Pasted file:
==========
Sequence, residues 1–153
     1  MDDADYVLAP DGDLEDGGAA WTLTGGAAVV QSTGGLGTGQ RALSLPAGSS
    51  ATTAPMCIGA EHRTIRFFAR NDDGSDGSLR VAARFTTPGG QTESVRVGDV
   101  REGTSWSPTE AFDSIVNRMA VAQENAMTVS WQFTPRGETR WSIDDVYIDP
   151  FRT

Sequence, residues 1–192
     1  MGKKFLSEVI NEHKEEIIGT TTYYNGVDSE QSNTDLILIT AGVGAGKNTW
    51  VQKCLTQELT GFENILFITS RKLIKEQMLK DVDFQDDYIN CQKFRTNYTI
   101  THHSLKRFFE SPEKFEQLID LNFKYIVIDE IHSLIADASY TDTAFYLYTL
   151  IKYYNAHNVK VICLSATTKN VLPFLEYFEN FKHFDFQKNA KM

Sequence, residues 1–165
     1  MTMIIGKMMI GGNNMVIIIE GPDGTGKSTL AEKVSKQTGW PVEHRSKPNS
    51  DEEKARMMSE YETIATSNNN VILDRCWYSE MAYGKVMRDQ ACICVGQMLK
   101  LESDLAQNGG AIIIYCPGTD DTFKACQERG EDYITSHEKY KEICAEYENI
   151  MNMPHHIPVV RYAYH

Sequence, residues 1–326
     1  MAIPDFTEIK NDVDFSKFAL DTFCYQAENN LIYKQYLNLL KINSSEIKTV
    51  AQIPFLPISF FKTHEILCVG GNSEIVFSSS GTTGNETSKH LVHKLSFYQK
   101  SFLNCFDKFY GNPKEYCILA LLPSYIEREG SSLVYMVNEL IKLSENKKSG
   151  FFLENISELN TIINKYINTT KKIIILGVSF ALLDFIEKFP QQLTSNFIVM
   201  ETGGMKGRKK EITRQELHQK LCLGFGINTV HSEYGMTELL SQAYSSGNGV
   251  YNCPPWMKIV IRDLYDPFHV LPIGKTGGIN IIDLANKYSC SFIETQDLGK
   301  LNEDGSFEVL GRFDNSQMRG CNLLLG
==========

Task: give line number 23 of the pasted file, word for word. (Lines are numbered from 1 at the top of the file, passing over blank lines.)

   301  LNEDGSFEVL GRFDNSQMRG CNLLLG